Hello. In this lecture, I'm going to show you how I build a song from scratch. So there's one thing knowing about music theory, but there's the other thing actually putting this into practice building your song. One of the most intimidating things can just be seeing your daw or digital audio workstation completely blank with nothing to work from. So I'm going to show you a few of my techniques that I use personally for actually building and writing your own music. So these techniques are going to be building a song from a drum beat, building a song from a chord progression and building a song from a melody. We're going to start off with a drum beat and I'll show you the technique I actually use for creating a song, the digital audio workstation that I'm going to be using will be Ableton Live. But really all the D Aws have a similar kind of thing. So if you're using Ethos Studio or maybe Cubase or Logic Pro, it will be similar to this, the main difference in Ableton Live, you have the s...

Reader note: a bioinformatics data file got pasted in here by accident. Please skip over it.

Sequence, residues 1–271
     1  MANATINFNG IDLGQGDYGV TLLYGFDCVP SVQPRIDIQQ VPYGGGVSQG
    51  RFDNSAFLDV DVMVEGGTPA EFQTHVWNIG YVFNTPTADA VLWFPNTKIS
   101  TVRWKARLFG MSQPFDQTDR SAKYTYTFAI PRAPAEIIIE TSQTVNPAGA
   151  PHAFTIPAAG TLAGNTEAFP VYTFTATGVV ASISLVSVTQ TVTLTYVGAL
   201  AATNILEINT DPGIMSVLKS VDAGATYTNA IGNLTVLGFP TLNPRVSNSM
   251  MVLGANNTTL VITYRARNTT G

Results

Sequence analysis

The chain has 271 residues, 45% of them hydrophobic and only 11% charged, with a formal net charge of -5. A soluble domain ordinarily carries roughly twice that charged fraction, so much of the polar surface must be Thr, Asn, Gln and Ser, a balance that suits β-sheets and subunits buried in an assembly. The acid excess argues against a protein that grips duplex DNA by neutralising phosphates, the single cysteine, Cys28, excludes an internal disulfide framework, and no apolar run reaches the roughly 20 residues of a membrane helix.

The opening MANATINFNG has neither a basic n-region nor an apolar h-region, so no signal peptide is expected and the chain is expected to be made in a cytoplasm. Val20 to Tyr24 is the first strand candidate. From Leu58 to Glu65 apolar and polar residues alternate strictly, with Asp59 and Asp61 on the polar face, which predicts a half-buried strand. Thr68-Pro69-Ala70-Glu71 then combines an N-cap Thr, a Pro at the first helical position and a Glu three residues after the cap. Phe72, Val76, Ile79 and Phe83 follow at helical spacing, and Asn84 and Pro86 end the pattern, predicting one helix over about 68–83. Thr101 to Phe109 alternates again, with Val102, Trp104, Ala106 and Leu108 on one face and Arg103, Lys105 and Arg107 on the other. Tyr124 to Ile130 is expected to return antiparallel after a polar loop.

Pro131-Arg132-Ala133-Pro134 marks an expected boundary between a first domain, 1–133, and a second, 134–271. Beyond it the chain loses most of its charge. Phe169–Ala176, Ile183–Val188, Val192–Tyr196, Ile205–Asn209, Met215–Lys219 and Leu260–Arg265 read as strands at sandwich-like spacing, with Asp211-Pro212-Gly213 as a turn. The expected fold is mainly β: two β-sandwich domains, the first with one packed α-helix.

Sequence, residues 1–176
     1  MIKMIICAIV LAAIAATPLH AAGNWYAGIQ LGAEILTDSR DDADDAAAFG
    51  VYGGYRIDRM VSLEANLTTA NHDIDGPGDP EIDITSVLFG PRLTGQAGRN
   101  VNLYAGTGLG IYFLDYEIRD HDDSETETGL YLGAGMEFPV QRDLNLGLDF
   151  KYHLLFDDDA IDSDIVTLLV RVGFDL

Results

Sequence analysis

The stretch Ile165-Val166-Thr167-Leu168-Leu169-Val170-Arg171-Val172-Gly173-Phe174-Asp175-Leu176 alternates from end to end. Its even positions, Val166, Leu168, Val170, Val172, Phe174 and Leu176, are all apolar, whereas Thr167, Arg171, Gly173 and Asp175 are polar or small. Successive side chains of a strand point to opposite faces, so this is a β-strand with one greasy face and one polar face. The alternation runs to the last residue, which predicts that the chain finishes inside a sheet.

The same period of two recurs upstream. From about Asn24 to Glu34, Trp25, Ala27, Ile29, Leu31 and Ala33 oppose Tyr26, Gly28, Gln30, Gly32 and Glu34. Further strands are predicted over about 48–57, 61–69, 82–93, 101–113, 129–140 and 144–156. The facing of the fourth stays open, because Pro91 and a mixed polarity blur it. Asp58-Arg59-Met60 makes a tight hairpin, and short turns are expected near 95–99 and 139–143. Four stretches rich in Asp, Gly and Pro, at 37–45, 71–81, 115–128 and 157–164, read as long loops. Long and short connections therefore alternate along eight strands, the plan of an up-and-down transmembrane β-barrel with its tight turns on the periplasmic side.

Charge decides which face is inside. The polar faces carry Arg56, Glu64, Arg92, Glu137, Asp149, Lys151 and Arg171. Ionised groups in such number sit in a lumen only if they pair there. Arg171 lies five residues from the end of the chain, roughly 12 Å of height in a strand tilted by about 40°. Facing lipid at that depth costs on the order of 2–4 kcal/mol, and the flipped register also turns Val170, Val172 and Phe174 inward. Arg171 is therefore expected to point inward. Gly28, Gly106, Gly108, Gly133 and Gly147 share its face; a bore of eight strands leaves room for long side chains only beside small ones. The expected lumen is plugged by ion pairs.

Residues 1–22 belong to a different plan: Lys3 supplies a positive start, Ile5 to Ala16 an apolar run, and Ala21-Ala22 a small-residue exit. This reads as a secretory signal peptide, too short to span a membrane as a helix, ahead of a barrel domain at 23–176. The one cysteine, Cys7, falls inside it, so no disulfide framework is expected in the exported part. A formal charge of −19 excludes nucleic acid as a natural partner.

ession view, which is this view here, but you also have the arrangement view which looks like this, which you're probably more f familiar with if you use any other digital audio workstation. So I've just created a few different tracks, created a drum rack. So we have a few different drum hits, like a kick drum snare Cymbals, that kind of thing. A bass sound with a synthesizer called Serum. Don't worry if you don't have this synthesizer, you can use other ones, but I like this one at the moment and then a keyboard part with Serum, a pluck sound and a riff. But it's all gonna be based around a drum beat. So that's the main way I write music is around drum beats. And there are a lot of people that use different techniques and different styles. But for this example, I'm just gonna be doing it with a drumbeat really? So like I said in Ableton Live, you do have a session view and an arrangement view. I normally write in the session view, but I thought I'd do it in the uh arrangement view cos this is what most people will be using if they don't use Ableton Live, if they don't use Ableton Live. Don't worry, I still use Logic Pro and actually started off using a digital audio workstation called Cuba, which is kind of a really basic version of Cubase. And then I went on to Reason and then garageband and then Logic Pro and now Ableton Live also. So it doesn't really matter. I know a lot of producers who use pro tools. But if you want to make electronic music, it doesn't really matter which digital audio workstation you use. It's all about what the music sounds like. And a good foundation of music theory will really help you. So I'll be using some of the techniques that we've been using and I've showed you in this video class, this video course, but hopefully I might be able to teach you a thing or two about my technique and how I actually create music. Yeah, there's one thing just learning tone, tone, semi tone, tone, tone, tone, semi toone and about the scales and some of the theory. But there's another thing actually creating music. You might be the best person in the world at memorizing theory, memorizing different patterns and workarounds. But it's actually about creating music. If you want to be a music producer, if you want to be a music composer, you have to write music, that's really what it's about. So I'm gonna stop this drumbeat. I've also got a Midi controller here. So it's a midi keyboard. It's am audio. Oxygen. 25 people ask me all the time, which Midi controller do you recommend? I like the Oxygen series just because it's really easy to use. And in Ableton Live, it's really easy to map. So you can basically assign some of these pads and uh dials knobs really easily for different sims effects and automation that kind of thing. But if you don't have a midi controller, don't worry, I'll show you how you can do it in musical typing as well. So you can type in the parts. So I've got this drum rack case, I'm just gonna arm this one. So here's my kick drum. Youve got a snare. Hi hats. Open, high hat press symbol, R symbol, a rim shop and a clap. So, one thing I like to do is just Dra jam in a pattern. But it's one thing me saying that and another thing actually you doing it. So just think of the kick drum rhythm to start with or if you're really stuck, you can just have a straight, what's wrong with them. So an easy way to do this and able to live or any digital audio workstation is to just record a pater. Obviously, you might wanna put the metronome on and increase the tempo to 122. So you heard that it might not, it wasn't exactly on the beats. So let's just have a look at what I actually played. So having a look at this rhythm, it wasn't 1234 because if we look on here, we have 1234 and the kick drum isn't quite on that. Just gonna quantize this hit command and Q oh Commanding U. That's the thing about using multiple digital audio workstations. A lot of the time you can get some of the key commands mixed up. I use the key command for logic pro there rather than able to. But let's work out what I did with this kick drum baton. So if you count 123412341, OK. Let's loop. That's 1234123412341234. So I'm actually playing it on the one and on the end of the two. So if we count, if we split it up, so it's one and two and three and four and one and two and three and four and one and two and three. You hear that, that second kick drum lands on the, and one and two and three. And so I'm not just counting 1234 because we have four crutches or four beats in the bar. I'm splitting up basically to 12345678 or one and two and three and four and, and the, and is in between the beats one and two. So one and two and three and four and one and two and three and four and one and two and three and four and one and two and three. So there you can work out. I'm using the kick drum on the one, the two, the, and of the two or the four. So that's the pattern. One and two and three and four and one and two and three. And four. And so we can just write this in. We don't need to play it in. We know now that it's one and then two ands and then four, so 12 and then four, one. So, and then two and so there's two and in between two and three is this be so 12 and let's drag this back to the right place. And now when I play this back, it'll be one and two and then the two, the and of the two. So you can either play it in any midi keyboard. You can see it's blinking there because I'm playing it or you can draw it in. Now, we can put the snare in. So same again, you can play it on your midi keyboard or you can just write it in. I'm gonna have the snare on, let's try it on the three here. That sounds because there's a bit of space there, there's no kick drum on the free. So I thought if I put the snare in there, it'll allow the snare to be heard and the kick drum. And also I'm gonna try the snare second time round on the end of the one. So just the second time round. So it's one and so we have space as well and at the end, we're gonna have the four and just to mix it up to add a bit more and I'm gonna add another kick drum here on the one end of the third bar. So here we have bar one, bar, two, bar three and bar four. So this isn't too repetitive. We have a strong pulse but slightly different if we tell off the metronome. So a lot of it's about just experimenting, building, allowing space for each instrument to be heard. Actually gonna replace some of these with a rim shop. This one, hey, OK. Add in some rims now just where the space and I think it give a good groove. It's all about allowing each instrument to be heard and also writing something that's repetitive and writing something that's kind of memorable and catchy but not too predictable. Not too cheesy really? So I'm just looking for space. So here we have it on Beat two and the, and a four bit two and a four bit two, split up even more and split the beat up even more. So not on the Ands on the Anne Ando. So the another part of the beat further along. So I'm just allowing space really. Let's try this. So it just kind of pushes it a bit more because it's not exactly in the right place or in the bang on the bang on the beat. So it's kind of allowing a bit of a shuffle, allowing a bit of flavor to our music. Now, I'm gonna add some hats. These are just gonna be really straight and I gonna zoom in a bit here. They create a few rolls as well. It's this kind of trap feel. I like to write has a lot of rolling high hats so you can kind of build in this kind of thing as well. We could add a few more high hats. So we have space here so I can add in a few more. Maybe not that small. But let's try this. I think that's a bit too busy. I might save that right for the end. Look for some more space. It's all about creating space. So we've got some space there. We have that there. I'm gonna copy this rhythm over and then I'm gonna mix it up a bit. So basically, what we've done is we've created a strong kick drum rhythm. So it's the one, the, and the two and the four added in a few extra ones to kind of mix it up and the snares pretty much just on three and every other time, the end of two and then they've added this rim just wes some space. So it's about creating something that's unique, different but also repetitive at the same time, cos you want the strong pulse that's repetitive. That basically for dance music, you want people to dance to it. So it can't be too over the place. I'm gonna copy these hats now, just have these repeating really the last time gonna have this role. So I'm just gonna paste this in slowly one bit at a time. Fourth time's going to be here and I'm also going to add open high ups and then I might add in a crash. Have a day just on the one. I'm gonna turn that symbol down a bit. I thought it was a bit too loud. So this is the kind of drum rhythm we've got so far just from playing around with that. Add in some more roles in these high hats here. It's a bit of space. So I'm just gonna add in a little bit more. I'm just gonna get rid of that last snare and put a few rolls here just to create a bit of space. A lot of this is about creating space. Lets try that. So drum beat might look super crazy and super complicated, but it's just about building layers starting off with a kick drum and adding the snare, adding the high hats and then adding effects like rim shots and Cymbals. It's a bit too busy at the end. OK. So there's the drum beat. It's built up around this kick drum. Really? So it's one and two and three and four and one and two and three and four and one and two and three and four and put the match there. Mum one and two and three and four and one and two and three and four and one and two and three and four and one and two and three and four. And the first thing to do. Let's count 123412341 and two and three and four and one and two and three and four and one and two and three and four and one and two and three and four. And, and there you can find the end of the beat. So you don't want to just stick on the kick drum. It is a bit boring. You can add a bit more. So that's the drum beat. I don't really like to use drum loops. I like to write it all myself. I find it a lot more satisfying. And now we've got a bass part. So let's arm the bass track. And now I'm gonna be listening to this kick drum. You could either lock in with the kick drum or play where the kick drum isn't playing to create a bit more movement and space. And of course, you need to think about what notes you're playing. I'm gonna use the key a minor. So it's basically the white notes but starting on the A. So it's the relative minor of C major. So it's C major which is tone tone, semitone, tone tone, semi toone, all the white notes, the sixth note up jo. So I'm basically just trying to play in the spaces. So we have a look here. So I'm landing on the fourth beep, but I'm playing in the spaces here and here. So you can even play. And if you use a midi keyboard or you can just manually go in and draw it in. So it's really up to you. I'm just gonna record this in. This is the technique I like today. Just record it in.